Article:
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Water Solutions for our Future By Carey Gazis

“Water is the elixir of life,” reads many an introduction to the hydrologic cycle. Water is magical. We drink fresh water daily, sometimes mixed with other less-necessary things, to stay healthy and alive. We pour it on seeds in soil to grow food. We use it to wash our bodies, our clothes, our food, and our dishes. We, like all living beings, need water to survive and thrive. Animals that live in fresh water, like the mighty salmon, are especially dependent on water amounts and conditions for every stage of their life: enough water to move when they need to, quiet places to stay safe and grow when they are small, and cool environments in the hot summer months.


Historically, humans first turned to surface water—rivers, lakes, and streams—to meet our needs. Eventually, this water use included man-made ditches and canals that diverted water from the surface to irrigate crops on bordering lands. In some locations, springs spurting water straight out of the ground with no surface source, were also used as a fresh water supply. Springs were an obvious groundwater source to use, but humans also dug to access water. Dig far enough below the surface, and eventually you will reach saturated ground. This point, where standing water replaces the earth material that has been removed, is called the water table. With time, humans developed more complex ways to dig into the subsurface to extract more water from deeper sources.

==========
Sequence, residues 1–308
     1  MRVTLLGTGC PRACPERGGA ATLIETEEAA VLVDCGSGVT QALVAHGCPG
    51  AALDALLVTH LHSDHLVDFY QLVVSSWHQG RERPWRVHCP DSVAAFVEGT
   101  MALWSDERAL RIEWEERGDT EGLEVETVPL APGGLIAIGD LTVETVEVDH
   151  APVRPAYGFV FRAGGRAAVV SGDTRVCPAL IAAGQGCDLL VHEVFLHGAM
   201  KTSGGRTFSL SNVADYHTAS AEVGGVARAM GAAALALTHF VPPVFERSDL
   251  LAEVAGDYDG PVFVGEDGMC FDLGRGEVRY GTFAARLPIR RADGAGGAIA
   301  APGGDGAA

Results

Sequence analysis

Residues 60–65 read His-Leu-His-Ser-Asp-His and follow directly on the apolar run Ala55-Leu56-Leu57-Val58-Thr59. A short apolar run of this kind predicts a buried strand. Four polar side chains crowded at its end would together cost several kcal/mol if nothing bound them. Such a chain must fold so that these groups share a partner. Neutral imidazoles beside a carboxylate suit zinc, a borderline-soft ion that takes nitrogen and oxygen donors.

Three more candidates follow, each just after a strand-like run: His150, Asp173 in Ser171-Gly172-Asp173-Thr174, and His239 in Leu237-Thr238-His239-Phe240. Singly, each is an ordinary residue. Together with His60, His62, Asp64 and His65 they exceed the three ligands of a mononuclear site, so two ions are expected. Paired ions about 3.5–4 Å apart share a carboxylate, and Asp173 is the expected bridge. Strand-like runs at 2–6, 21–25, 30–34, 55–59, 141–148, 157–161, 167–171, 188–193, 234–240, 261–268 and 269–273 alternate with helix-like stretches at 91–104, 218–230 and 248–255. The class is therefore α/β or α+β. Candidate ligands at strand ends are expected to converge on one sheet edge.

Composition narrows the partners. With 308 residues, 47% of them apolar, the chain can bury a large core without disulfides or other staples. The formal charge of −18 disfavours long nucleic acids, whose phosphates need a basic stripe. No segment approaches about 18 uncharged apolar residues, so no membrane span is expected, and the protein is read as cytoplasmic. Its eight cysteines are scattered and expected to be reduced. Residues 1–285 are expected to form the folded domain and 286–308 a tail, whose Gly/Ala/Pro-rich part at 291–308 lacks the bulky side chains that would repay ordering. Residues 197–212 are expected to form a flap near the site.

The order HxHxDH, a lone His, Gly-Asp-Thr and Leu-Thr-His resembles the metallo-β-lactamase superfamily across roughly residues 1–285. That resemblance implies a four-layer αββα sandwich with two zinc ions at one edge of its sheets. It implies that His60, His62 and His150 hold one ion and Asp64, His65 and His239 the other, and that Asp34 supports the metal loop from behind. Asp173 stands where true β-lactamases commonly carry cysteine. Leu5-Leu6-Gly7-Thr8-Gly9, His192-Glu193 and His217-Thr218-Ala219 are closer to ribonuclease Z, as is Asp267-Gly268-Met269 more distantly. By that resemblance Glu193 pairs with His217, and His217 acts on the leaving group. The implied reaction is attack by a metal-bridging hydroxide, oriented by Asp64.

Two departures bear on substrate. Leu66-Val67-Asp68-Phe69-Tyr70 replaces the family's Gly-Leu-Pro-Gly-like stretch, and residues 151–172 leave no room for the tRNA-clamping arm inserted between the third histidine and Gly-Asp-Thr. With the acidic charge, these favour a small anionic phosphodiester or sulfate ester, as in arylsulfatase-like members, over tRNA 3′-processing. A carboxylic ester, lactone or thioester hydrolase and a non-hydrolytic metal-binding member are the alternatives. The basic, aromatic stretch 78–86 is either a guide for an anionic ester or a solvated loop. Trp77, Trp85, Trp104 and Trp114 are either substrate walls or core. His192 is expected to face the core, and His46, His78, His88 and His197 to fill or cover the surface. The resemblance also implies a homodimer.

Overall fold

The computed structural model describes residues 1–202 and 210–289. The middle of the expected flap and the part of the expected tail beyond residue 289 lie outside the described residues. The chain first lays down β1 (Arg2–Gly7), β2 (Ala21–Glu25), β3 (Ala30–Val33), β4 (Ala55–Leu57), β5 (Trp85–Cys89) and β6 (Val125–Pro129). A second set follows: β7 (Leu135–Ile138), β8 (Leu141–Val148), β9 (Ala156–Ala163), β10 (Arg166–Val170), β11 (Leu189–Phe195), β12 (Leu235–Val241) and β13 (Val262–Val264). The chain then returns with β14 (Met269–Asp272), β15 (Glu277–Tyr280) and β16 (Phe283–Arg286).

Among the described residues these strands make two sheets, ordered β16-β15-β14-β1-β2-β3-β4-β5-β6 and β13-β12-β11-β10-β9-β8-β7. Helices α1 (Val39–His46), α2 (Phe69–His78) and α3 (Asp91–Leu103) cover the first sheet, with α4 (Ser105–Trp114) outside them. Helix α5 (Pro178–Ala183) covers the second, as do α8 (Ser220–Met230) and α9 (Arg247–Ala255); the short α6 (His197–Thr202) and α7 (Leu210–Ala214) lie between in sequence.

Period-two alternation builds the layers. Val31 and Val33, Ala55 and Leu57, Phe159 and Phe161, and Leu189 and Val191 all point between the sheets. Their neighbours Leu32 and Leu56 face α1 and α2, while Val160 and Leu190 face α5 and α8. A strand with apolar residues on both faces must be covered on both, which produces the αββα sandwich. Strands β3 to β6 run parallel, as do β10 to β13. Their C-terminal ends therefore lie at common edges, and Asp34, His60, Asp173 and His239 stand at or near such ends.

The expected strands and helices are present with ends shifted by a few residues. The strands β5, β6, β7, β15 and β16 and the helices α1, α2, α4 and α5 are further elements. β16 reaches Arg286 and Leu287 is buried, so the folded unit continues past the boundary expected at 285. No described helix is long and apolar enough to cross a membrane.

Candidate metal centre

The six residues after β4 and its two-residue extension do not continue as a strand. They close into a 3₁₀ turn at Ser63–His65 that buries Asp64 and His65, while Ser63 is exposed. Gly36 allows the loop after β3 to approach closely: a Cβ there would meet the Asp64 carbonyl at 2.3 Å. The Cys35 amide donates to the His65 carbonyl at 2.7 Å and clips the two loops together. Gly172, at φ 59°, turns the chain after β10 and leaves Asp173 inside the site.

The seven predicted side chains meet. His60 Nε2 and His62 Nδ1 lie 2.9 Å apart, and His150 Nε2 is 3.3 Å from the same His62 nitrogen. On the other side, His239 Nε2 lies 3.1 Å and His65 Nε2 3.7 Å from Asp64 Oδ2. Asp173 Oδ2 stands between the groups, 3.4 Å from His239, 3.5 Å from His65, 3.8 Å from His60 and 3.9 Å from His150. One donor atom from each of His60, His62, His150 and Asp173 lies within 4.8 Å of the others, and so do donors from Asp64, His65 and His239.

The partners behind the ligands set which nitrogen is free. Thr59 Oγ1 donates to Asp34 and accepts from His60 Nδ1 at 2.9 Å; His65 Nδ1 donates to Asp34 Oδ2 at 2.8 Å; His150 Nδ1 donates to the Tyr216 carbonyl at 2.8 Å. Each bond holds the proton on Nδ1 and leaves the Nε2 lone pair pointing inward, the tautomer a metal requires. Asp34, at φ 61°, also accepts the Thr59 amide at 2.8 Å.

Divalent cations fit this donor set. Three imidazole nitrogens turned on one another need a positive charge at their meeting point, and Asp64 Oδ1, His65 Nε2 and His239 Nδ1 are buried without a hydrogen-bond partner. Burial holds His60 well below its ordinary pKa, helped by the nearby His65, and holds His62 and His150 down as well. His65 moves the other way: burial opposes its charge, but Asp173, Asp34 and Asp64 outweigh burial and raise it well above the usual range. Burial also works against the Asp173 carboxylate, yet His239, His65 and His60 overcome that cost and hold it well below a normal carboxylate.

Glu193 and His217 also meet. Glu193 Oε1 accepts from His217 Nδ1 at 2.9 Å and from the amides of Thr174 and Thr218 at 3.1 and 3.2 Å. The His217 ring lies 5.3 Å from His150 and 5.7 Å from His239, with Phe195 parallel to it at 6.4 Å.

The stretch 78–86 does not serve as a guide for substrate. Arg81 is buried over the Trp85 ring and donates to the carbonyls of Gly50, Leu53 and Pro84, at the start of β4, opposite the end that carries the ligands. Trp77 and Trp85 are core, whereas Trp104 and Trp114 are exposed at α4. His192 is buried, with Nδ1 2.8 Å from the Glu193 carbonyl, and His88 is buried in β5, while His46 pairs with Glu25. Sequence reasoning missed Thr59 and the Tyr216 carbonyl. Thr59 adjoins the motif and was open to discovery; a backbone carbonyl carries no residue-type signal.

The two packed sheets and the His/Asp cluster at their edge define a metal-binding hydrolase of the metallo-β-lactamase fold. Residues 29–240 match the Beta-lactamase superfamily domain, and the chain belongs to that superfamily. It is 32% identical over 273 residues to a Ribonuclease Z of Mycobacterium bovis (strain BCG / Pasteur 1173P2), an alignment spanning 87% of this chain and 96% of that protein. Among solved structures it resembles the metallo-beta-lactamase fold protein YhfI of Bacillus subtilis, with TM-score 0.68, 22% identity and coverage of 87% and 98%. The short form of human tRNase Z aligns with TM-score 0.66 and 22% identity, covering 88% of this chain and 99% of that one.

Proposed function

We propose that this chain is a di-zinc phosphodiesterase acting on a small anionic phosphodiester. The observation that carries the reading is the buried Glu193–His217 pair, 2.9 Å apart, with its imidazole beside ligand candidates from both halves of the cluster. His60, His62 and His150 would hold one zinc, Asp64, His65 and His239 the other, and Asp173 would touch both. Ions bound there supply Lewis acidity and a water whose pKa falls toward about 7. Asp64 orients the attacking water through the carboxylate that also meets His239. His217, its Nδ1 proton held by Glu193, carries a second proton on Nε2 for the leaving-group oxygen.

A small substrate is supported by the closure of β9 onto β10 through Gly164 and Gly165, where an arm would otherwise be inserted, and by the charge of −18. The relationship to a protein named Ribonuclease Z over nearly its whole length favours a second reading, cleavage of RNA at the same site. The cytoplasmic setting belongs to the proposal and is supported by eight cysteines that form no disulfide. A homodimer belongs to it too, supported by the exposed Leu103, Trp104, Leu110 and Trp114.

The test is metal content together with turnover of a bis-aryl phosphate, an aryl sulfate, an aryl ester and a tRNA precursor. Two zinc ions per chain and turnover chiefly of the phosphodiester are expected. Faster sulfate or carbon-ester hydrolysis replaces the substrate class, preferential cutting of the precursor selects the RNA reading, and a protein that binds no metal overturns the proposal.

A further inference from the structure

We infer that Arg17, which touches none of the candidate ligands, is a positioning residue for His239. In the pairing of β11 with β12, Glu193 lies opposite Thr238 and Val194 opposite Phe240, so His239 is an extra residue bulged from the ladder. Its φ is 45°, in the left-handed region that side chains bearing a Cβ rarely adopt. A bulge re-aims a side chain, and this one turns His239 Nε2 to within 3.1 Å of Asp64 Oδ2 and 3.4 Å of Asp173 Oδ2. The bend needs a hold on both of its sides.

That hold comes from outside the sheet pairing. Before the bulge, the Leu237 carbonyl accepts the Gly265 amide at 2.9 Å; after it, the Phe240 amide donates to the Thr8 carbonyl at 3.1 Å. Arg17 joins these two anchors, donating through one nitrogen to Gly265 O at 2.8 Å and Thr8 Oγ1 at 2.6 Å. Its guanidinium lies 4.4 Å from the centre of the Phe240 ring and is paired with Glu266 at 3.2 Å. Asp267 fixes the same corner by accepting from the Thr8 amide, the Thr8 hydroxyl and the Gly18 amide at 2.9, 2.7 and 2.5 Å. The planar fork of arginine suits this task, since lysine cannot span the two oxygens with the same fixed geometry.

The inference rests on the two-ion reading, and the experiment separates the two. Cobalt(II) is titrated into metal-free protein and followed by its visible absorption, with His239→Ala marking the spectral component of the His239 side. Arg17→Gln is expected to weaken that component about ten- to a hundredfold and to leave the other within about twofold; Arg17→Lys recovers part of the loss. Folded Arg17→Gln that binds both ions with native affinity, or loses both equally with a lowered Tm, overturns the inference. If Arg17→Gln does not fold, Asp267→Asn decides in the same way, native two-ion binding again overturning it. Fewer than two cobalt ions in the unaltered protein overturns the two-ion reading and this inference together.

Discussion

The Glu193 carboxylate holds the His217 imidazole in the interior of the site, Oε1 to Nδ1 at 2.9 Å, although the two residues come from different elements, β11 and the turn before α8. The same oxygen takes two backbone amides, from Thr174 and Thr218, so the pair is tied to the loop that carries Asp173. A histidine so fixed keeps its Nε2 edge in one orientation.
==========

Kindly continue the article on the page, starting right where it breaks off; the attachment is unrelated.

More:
The industrial revolution and the rise of large-scale agriculture has increased groundwater use exponentially. This makes sense given the much greater quantity of fresh water beneath the surface than on top. Globally, the groundwater supply is approximately 60 times greater than the supply from lakes and rivers. However, groundwater is prone to misuse by contamination with pollutants and depletion from over-pumping. Proper management of this water source is essential for our future well-being.


You may be wondering how water gets below the surface in the first place. Rocks and sediments that hold and transmit water in the subsurface are called aquifers. The term “aquifer” comes from the Latin words aqua, meaning water, and ferre, meaning to bear. Rocks and sediments “bear” water in small cracks and pockets between grains, sort of like an underground sponge. Water reaches aquifers near the surface by seeping beneath plant roots and eventually reaching the water table. It can also flow from lakes and rivers into the ground in some places. Deeper aquifers are harder to replenish, or recharge, since there are often layers above them that act as barriers to water flow. Sometimes, deep aquifers have been folded over time by geologic pressures and buckle up to the surface in places that become entry points for water recharge. But in most cases, water moves through the ground extremely slowly resulting in very old water in the deepest aquifers. In fact, most of the water there has not held the glint of daylight for hundreds to thousands of years!